Rent the Runway Battles Back, With Ad Sales In The Works

New ads focus on successful business owners, like Amanda McClements, who owns Washington D.C.'s Salt & Sundry

While tech-driven fashion platforms are struggling everywhere, it’s too soon to count Rent the Runway out. In fourth-quarter earnings last week, the company offered evidence that despite losses and setbacks, there are early signs of brand strength -- including its highest customer satisfaction scores in several years.

In a conference call to investors, the company also offered a peek into new ways it hopes to augment the basic fashion-rental operating model, including incorporating more AI, expanding the resale business and “laying the foundations” for a move into advertising.

That upbeat assessment from Jennifer Hyman, co-founder and chief executive officer, was enough to send the company’s stock price up by 260%, the highest level this year.



The New York-based company says revenue increased in the fourth quarter 1% to $75.8 million, compared to $75.4 million in the fourth quarter of fiscal 2022. Total active subscribers also grew by 1%, to 173,247.

The company’s net loss shrank to $24.8 million, compared to $26.2 million in the year-ago period.

While those gains might seem like small progress, they are better than the company initially forecast. And when set against the calamitous backdrop of other luxury resale tech companies, including the implosion of platforms like Matches, Farfetch and Yoox Net-A-Porter, they seem especially positive.

Hyman also promised to make marketing a more significant part of the comeback initiative. Under Natalie McGrath, who was tapped as the new chief marketing officer last month, efforts are already underway. “We have started the year reigniting brand love by celebrating women in our core customer demographic,” Hyman told investors. “We launched LinkedIn and 'Real Runway' campaigns, which share influential women’s stories.”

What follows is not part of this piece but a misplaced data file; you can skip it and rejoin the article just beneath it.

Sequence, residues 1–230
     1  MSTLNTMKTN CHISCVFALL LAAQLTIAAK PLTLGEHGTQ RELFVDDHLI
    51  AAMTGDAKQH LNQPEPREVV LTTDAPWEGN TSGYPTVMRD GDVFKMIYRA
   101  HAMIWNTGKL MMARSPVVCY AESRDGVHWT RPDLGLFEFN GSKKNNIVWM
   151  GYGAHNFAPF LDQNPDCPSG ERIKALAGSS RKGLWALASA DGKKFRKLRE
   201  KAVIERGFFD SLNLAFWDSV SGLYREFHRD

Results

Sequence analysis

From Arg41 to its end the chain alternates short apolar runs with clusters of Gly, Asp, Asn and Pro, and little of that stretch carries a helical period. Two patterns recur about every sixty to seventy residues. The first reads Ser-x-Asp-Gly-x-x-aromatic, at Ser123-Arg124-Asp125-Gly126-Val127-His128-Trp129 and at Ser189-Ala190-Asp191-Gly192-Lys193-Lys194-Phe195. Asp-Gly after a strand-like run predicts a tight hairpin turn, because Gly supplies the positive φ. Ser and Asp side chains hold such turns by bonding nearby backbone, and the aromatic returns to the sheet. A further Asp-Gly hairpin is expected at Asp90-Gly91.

McGrath expects marketing will take several quarters to ramp up. “Our customers will see and hear from us much more as we activate in real life via partnerships, PR influencers, celebrities and content.”

Female empowerment will remain at the center of the brand’s stories. The LinkedIn effort, which called for nominations of women’s achievements in the workplace, garnered about 630 million total impressions.

The company is also looking to empower advertisers.

Rent the Runway, which built its brand as “the world’s first and largest shared designer closet platform,” is also adding one-to-one concierge services. The idea is to make exploration and discovery easier for customers and create a more aspirational product experience.

It reports “significant” growth in “Try Before You Buy,” its resale business.

And in an era when so many retailers and e-tailers are eagerly rolling out advertising networks, Rent the Runway plans to be in the mix. “Initially, advertising is largely comprised of a sampling business that makes the most of the millions of shipments we send to customers each year,” Hyman says. “However, there is more we think we can do here. It is too early to go into more detail, but we see considerable cash generation potential.”

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